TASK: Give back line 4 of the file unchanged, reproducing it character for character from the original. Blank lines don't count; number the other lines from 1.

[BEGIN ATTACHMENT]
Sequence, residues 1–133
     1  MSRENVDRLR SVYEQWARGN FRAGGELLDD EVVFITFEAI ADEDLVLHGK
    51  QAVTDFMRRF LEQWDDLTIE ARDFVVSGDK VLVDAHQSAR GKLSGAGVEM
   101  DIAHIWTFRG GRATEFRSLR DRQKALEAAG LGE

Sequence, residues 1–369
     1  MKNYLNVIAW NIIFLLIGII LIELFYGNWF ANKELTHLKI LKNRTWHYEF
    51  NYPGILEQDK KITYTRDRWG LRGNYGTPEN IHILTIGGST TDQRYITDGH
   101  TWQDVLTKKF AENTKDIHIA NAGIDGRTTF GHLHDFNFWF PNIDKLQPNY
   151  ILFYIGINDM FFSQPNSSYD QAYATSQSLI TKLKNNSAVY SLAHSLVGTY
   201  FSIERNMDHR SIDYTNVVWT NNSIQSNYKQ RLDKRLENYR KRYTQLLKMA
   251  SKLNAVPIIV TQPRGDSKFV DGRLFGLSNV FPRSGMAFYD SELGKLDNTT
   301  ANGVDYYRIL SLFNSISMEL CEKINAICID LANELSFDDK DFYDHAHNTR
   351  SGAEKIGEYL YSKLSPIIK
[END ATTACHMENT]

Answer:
   101  DIAHIWTFRG GRATEFRSLR DRQKALEAAG LGE